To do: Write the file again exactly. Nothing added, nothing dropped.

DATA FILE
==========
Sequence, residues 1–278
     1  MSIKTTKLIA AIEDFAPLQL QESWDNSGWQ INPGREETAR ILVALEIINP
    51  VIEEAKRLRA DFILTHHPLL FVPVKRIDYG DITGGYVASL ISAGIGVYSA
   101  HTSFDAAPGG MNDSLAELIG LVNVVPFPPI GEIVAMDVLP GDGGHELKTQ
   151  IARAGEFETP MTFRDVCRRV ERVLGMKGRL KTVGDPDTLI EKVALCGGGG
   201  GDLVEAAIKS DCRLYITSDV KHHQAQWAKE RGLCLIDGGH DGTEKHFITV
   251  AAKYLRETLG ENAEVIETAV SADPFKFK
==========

Sequence, residues 1–278
     1  MSIKTTKLIA AIEDFAPLQL QESWDNSGWQ INPGREETAR ILVALEIINP
    51  VIEEAKRLRA DFILTHHPLL FVPVKRIDYG DITGGYVASL ISAGIGVYSA
   101  HTSFDAAPGG MNDSLAELIG LVNVVPFPPI GEIVAMDVLP GDGGHELKTQ
   151  IARAGEFETP MTFRDVCRRV ERVLGMKGRL KTVGDPDTLI EKVALCGGGG
   201  GDLVEAAIKS DCRLYITSDV KHHQAQWAKE RGLCLIDGGH DGTEKHFITV
   251  AAKYLRETLG ENAEVIETAV SADPFKFK